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Elisa Goldstein, Ph.D.Elisha Goldstein, Ph.D.
A blog about mindfulness, stress-reduction, psychotherapy and mental health.

When Keeping Calm and Carrying On is Not Enough

Elisha Goldstein, Ph.D. Updated: Jul 17th 2012

heartOne of the facts as we grow older is the recognition that life can be hard at times. Yet the messages we’ve been told are to pull ourselves up by our bootstraps and keep moving. “Keep calm and carry on,” was a slogan introduced by the British government during WWII, but has now since been picked up by many private companies to sell products. This is heading in the right direction, but can been taken a bit further. 

What’s needed more of in life is simply the recognition of those difficult moments as they’re occurring and perhaps in the midst of keeping calm, we could add the ingredient of self-compassion. 

This is simply a moment of inclining the heart toward oneself, recognition that this is a difficult moment and a desire to help oneself.

The simple exercise to understand the value of this exercise is to ask yourself, what would the days, weeks and months ahead look like in this world if more people experienced more compassion for themselves and others?

International bestselling author and Buddhist monk, Thich Nhat Hanh, has a famous quote that reads, “Peace in oneself, Peace in the World.” Think about that, it’s likely true. While human conflict may be inevitable to some degree, if people were more at peace with their difficult emotions, there would likely be less conflict. 

In Daily Now Moments there is a week of compassion and one of the dailies is about bring this to ourselves. Here it is:

 Allow this to be a moment of self-compassion:

  1. Take a few deep breaths.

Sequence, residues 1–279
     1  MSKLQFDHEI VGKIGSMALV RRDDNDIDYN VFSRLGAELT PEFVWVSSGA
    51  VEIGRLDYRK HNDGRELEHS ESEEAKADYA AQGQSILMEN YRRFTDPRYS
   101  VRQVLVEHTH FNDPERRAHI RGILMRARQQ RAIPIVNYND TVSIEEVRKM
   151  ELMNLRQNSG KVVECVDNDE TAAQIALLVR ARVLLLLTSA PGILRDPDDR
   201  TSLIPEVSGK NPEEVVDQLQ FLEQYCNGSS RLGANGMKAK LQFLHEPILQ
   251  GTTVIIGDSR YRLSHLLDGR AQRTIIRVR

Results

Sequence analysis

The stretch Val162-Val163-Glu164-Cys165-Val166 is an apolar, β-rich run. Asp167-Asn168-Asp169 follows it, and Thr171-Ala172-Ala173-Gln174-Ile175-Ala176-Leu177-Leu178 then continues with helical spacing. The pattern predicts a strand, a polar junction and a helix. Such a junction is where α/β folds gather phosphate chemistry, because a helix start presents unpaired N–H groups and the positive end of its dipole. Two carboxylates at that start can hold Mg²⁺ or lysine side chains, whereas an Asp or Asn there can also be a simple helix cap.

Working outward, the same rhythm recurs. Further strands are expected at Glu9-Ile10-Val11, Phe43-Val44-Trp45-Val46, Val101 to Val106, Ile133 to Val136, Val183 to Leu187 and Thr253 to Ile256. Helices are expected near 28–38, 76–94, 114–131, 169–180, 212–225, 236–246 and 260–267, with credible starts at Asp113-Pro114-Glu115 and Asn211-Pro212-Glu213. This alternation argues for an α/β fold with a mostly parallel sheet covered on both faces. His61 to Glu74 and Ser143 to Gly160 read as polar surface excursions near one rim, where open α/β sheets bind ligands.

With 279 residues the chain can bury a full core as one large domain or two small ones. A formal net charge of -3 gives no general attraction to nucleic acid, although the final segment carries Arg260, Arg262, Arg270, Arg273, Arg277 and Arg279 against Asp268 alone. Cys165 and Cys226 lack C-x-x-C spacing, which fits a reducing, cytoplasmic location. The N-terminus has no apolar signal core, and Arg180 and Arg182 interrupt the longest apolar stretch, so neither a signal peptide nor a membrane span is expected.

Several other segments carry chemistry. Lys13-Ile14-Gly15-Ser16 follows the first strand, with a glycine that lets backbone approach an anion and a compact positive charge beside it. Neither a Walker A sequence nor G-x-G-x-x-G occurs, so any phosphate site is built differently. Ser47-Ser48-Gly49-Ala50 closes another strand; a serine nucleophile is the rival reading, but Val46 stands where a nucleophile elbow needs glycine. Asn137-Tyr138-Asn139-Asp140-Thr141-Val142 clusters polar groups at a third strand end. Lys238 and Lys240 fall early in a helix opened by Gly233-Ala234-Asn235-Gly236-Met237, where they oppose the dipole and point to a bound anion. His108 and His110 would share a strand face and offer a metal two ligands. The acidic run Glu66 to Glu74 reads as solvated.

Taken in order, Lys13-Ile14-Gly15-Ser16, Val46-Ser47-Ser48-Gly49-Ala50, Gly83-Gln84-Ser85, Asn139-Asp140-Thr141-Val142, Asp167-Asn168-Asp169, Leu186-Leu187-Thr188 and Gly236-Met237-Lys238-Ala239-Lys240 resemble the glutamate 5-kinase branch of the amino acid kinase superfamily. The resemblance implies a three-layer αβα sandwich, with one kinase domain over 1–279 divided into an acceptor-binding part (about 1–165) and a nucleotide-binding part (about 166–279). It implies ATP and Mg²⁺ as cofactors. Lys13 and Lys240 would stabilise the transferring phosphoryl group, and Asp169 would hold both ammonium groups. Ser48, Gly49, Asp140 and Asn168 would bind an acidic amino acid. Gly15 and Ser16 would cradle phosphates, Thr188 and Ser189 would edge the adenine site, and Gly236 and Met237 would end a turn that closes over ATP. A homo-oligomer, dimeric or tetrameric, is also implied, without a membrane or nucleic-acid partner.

2. Put both hands over your heart, feeling the pressure and warmth.

  3. Breathing in, "I feel my heart"; breathing out, "I relax."

Put your judgments aside, practice this twice a day for a week and see what you notice. 

As always, please share your thoughts, stories and questions below. Your interaction creates a living wisdom for us all to benefit from.

Elisha Goldstein, Ph.D.

Elisha Goldstein, Ph.D. is a clinical psychologist in private practice in West Los Angeles and is author of the upcoming book The Now Effect, co-author of A Mindfulness-Based Stress Reduction Workbook, Foreword by Jon Kabat-Zinn, author of the Mindful Solutions audio series, and the Mindfulness at Work™ program currently being adopted in multiple multinational corporations.

Check out Dr. Goldstein's acclaimed CD's on Mindful Solutions for Stress, Anxiety, and Depression, Mindful Solutions for Addiction and RelapsePrevention, and Mindful Solutions for Success and Stress Reduction at Work. -- "They are so relevant, I have marked them as one of my favorites on a handout I give to all new clients" ~ Psychiatrist.

If you're wanting to integrate more mindfulness into your daily life, sign up for his Mindful Living Twitter Feed. Dr. Goldstein is also available for private psychotherapy.

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